But as it turned out, we loved the neighborhood!  While there are a number of dilapidated and crumbling buildings and potholed streets, all the result of the collapse of the economy combined with natural disasters (i.e. hurricanes), Centro is a lively and colorful district that offers a more authentic glimpse of Havana life. Here is where you’ll find the neighborhood markets where ration boards are still displayed indicating the food rations for the month. Street vendors push their carts or bicycles selling galletas (crackers), helado (ice-cream) and even bags of fresh garlic and shallots. Convento y iglesia del Carmen is a beautiful neighborhood church open for mass everyday except Mondays. At night, you’ll see residents in their homes talking on the phone, preparing dinner, cleaning, or watching TV. But most people, because housing is overly crowded (and hot), the residents are in the streets- conversing, walking, and simply just ¨hanging out¨.
  

  
   

Malecón

After spending the early part of the afternoon visiting around Centro, we headed to the Vedado neighborhood and to Malecón. The Malecón is an esplanade and seaside avenue about 7 km long and is Havana’s outdoor lounge. It is one of the most popular gathering spots for both locals and visitors alike. We especially enjoyed going there in evening around sunset.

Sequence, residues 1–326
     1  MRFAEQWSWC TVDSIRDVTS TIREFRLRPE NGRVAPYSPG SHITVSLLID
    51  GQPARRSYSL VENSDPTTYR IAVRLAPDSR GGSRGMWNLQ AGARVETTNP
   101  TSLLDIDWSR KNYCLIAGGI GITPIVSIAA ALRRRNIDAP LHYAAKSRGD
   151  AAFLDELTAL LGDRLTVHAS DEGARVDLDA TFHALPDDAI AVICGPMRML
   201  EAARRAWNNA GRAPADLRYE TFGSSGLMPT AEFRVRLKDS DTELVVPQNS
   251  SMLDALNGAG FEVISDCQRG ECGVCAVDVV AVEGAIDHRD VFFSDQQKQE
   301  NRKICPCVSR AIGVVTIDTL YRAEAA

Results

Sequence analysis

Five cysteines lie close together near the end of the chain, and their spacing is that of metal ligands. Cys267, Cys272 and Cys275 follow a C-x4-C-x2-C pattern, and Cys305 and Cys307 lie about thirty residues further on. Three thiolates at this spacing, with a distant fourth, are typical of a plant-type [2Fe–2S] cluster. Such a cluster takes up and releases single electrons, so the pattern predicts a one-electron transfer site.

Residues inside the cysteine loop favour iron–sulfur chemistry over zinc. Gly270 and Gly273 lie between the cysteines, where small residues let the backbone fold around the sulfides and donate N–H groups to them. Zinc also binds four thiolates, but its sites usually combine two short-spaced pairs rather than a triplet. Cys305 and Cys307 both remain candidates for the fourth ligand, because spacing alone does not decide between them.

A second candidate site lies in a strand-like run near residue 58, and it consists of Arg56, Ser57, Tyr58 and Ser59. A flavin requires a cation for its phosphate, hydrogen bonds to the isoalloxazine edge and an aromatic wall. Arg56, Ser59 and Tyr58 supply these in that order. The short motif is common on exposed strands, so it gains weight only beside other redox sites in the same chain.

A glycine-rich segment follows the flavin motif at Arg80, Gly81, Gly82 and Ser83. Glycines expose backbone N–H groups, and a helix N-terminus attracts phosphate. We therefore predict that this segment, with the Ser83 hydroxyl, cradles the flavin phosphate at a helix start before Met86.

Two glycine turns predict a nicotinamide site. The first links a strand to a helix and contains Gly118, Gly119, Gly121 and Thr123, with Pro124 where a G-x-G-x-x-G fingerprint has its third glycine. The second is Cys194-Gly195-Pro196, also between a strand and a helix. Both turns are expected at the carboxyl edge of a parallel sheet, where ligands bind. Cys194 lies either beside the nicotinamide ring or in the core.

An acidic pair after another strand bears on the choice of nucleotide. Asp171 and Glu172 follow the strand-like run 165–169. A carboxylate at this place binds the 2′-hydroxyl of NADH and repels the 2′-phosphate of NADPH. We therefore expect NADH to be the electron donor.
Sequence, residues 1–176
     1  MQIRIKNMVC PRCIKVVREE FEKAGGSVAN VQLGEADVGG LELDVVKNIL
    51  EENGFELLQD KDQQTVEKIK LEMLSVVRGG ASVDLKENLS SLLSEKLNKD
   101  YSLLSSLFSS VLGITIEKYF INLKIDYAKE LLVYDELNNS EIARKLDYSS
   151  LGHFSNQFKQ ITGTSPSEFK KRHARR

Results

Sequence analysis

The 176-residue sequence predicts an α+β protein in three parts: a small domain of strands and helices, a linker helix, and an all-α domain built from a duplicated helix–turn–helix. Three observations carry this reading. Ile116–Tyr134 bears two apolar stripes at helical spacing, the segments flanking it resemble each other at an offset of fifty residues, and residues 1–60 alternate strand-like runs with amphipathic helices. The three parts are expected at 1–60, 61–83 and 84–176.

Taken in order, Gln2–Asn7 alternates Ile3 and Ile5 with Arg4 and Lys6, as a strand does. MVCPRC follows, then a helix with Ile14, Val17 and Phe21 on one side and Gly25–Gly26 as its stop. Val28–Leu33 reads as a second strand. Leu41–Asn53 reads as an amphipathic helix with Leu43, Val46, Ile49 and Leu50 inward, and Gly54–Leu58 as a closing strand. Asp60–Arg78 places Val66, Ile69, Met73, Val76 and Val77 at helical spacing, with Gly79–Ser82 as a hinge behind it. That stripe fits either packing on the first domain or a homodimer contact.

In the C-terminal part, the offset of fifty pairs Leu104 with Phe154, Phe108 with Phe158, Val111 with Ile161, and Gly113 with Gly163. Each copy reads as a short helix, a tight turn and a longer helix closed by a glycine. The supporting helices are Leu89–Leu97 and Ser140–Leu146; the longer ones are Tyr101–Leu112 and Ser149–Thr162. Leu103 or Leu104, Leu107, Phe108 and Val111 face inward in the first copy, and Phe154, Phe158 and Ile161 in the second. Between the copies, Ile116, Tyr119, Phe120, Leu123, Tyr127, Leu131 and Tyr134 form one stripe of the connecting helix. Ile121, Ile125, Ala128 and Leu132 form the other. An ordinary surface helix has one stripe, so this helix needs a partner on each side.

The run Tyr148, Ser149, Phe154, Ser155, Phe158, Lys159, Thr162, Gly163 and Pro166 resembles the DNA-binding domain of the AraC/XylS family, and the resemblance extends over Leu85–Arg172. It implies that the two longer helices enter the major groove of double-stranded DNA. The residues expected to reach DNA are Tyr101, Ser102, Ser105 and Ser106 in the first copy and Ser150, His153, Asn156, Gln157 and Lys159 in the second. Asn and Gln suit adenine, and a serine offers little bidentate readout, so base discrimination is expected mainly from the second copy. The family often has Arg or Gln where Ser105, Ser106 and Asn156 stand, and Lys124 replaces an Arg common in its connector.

La Piragua was one of my favorites. It’s a park just across the street from the Malecón, on the rearside of the Hotel Nacional. I’m not sure if there’s an actual schedule of events. But it was a Sunday afternoon when we were walking along the Malecón and heard salsa music coming from this direction. Of course we had to go and check it out! There, we found what basically was a huge block party- local people, food, drink, and Cuban salsa dancing. Here you can also find cajitas (boxed food to go) which is good and inexpensive. Menus featured chicken, pork, beef, croquetas, tamales, and of course rice as a side. This was also where I had THE best mojito during my stay in Havana!
 
Next we went to the famous Hotel Nacional. This historic landmark located in the Vedado neighborhood opened in 1930 and was built and operated by US owners. Back then, the hotel featured a (mafia-controlled) casino, one that rivaled ones in Las Vegas, and became a luxury hot-spot for American tourists and high-rollers. There was rum, entertainment, gambling, and showgirls making it a favorite hangout for the chic and glamorous. However, this American-run establishment was not open to everyone. No Cubans were allowed to stay here; and, no people of color including Josephine Baker and Nat King Cole, even though they were contracted to perform for audiences.
Over the years, Hotel Nacional welcomed prominent names such Jimmy Carter, Walt Disney, Frank Sinatra, Ava Gardner, Danny Glover, Leonardo di Caprio, Jean Paul Sartre, Ernest Hemingway, John Kerry, and US Governor Jesse Ventura. It was also the site of the ¨Havana Conference¨, a week-long mob summit organized by Charles “Lucky” Luciano and Meyer Lansky where Sinatra provided the entertainment. Be sure to see the lobby, the gallery of photos of famous persons, old postal box and beautiful dining room.